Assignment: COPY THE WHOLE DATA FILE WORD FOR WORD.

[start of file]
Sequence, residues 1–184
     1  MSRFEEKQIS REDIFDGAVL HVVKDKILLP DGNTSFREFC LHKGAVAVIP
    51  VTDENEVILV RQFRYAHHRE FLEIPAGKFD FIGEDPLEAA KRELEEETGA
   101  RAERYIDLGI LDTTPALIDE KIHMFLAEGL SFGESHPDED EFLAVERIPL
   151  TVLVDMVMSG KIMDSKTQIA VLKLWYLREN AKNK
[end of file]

Sequence, residues 1–184
     1  MSRFEEKQIS REDIFDGAVL HVVKDKILLP DGNTSFREFC LHKGAVAVIP
    51  VTDENEVILV RQFRYAHHRE FLEIPAGKFD FIGEDPLEAA KRELEEETGA
   101  RAERYIDLGI LDTTPALIDE KIHMFLAEGL SFGESHPDED EFLAVERIPL
   151  TVLVDMVMSG KIMDSKTQIA VLKLWYLREN AKNK